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Bringing the Real World into the Classroom

The senior design experience is an extremely important part of the biomedical engineering curriculum at Texas A&M University. The department’s undergraduate students work with sponsors as part of a project aimed at designing and fabricating a medical device or system. 

The projects, which can result in new designs, improvements to existing designs or new process design, are sponsored by clients such as medical device companies, medical research centers, clinicians and global organizations dedicated to improving access to health care technology.

Over the course of two semesters, a student team of senior biomedical engineering majors initiates and completes its project, designing a medical device or system based on its sponsor’s specifications while adhering to design control criteria and FDA requirements. Most often the experience requires students to manage their projects under the guidance of a sponsor liaison mentor and a faculty mentor, conduct design reviews, fabricate and test their designs, and formally present their work to both the course faculty and sponsoring liaison. 

All documentation and prototypes developed by the student teams can be provided to the sponsor, and any resulting intellectual property may be assigned to the sponsor under the intellectual property policies of the Texas A&M University System. If required by an external sponsor, students may sign non-disclosure agreements.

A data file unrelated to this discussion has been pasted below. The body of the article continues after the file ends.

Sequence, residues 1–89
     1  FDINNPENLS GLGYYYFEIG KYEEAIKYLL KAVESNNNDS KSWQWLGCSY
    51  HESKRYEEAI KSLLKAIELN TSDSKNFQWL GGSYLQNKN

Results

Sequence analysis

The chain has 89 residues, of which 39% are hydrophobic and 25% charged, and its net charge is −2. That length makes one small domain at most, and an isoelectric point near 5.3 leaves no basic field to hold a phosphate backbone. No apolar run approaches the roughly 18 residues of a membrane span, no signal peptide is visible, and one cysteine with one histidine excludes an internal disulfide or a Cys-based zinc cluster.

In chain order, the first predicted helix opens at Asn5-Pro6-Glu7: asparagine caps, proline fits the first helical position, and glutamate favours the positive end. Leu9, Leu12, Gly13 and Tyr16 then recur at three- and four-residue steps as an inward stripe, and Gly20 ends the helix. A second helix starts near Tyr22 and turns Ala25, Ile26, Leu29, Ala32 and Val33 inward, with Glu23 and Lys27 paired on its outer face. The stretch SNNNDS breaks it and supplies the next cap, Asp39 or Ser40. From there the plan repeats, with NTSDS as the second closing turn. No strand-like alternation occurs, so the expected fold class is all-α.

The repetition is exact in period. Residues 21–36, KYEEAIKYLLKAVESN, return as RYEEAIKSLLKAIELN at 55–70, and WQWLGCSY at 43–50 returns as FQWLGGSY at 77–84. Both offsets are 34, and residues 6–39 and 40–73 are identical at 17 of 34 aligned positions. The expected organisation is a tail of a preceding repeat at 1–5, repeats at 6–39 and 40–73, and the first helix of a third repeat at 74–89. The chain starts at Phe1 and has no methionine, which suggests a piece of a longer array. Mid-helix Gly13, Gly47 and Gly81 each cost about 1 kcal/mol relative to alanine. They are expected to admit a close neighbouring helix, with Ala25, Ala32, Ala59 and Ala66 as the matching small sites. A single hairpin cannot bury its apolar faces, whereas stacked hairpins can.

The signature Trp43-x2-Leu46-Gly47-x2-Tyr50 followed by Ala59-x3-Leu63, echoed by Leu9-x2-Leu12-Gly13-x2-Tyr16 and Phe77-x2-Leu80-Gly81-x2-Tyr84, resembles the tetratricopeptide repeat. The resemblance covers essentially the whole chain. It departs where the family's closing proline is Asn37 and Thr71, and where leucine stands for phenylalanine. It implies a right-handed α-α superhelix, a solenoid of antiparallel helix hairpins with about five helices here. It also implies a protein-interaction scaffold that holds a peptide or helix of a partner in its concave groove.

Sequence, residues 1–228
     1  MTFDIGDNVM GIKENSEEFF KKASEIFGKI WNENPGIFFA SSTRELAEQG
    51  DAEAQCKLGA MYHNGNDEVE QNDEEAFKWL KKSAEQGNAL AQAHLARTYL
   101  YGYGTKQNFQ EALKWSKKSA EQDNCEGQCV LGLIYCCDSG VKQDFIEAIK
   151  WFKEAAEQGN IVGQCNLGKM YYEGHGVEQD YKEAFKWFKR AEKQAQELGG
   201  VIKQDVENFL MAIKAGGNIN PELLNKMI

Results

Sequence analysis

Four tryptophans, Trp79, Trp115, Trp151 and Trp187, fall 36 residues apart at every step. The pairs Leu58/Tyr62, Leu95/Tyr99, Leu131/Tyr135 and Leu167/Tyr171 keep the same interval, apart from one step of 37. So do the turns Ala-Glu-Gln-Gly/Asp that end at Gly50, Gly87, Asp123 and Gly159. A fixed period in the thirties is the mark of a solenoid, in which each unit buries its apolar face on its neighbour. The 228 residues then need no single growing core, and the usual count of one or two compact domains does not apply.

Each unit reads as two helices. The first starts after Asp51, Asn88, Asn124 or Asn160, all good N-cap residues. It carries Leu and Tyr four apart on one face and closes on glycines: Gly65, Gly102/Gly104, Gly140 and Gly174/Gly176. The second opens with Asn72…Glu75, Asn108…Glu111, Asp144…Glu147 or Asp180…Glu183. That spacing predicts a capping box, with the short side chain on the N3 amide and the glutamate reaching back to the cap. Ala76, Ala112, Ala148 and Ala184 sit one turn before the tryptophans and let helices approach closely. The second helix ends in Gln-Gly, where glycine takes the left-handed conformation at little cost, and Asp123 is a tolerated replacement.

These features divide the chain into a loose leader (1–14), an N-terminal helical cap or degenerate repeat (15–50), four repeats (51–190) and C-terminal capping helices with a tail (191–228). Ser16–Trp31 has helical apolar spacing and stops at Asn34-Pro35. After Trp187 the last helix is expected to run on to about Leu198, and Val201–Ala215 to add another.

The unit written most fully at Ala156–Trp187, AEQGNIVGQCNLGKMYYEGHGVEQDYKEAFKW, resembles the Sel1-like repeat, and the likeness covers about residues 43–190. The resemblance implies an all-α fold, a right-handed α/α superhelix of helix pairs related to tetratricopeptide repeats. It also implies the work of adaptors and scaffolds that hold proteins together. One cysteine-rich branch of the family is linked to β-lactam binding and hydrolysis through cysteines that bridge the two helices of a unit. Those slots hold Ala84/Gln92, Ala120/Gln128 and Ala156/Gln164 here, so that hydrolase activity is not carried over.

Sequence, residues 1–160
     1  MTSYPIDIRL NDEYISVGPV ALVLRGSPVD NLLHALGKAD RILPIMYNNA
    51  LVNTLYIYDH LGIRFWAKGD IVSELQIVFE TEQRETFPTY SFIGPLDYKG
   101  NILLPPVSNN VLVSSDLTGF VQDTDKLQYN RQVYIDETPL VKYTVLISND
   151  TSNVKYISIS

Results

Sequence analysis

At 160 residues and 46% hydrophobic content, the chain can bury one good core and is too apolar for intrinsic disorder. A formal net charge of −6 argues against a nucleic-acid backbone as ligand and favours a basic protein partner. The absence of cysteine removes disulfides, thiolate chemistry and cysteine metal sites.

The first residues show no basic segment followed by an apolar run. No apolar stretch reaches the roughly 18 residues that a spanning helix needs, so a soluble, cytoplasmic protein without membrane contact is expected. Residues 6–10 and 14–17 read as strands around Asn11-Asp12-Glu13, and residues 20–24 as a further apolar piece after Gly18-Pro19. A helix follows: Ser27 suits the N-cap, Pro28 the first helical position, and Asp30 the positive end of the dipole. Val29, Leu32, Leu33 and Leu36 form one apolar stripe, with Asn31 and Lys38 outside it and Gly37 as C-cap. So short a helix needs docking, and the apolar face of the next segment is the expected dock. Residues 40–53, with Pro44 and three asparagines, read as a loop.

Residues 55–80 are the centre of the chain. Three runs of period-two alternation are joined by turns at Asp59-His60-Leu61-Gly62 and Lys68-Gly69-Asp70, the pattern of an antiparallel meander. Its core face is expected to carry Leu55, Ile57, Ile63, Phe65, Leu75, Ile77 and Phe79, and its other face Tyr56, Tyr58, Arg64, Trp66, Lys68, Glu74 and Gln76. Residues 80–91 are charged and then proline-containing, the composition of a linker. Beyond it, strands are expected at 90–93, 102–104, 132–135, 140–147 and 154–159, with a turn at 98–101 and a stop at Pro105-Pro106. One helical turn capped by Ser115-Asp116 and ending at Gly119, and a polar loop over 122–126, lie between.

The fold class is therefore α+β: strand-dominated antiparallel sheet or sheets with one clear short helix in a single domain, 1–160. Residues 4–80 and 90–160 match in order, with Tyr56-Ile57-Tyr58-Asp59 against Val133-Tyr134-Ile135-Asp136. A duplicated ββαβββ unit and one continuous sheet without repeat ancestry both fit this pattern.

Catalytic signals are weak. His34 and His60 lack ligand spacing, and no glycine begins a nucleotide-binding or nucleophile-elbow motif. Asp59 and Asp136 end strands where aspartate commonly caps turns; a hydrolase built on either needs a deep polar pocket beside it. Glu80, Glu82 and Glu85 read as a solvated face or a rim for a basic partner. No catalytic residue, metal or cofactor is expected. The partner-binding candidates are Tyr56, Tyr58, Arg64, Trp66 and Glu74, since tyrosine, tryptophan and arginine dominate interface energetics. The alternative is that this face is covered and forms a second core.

Ideas that Turn into Real-world Solutions

When talented students apply their creativity and knowledge to real-world health issues, innovative solutions take form.

For example, a senior design team recently developed a device that assesses the health of an individual’s lung by measuring the force of a single expiration. The team, which was sponsored by Dr. Mehdi Razavi of the Texas Heart Institute, developed a prototype that quantitatively analyzes the force of air flow and also completed a conceptual design for processing signals to inform individuals of their lung status.

The device is intended to assist individuals with impaired lung function in detecting the onset of dangerous conditions and has a wide range of other applications, including athletic and military performance training and gaming or other interfaces for mobile devices. What’s more, the team’s work was used as the basis for a joint provisional patent application and the formation of a company co-owned by the design team and its sponsors.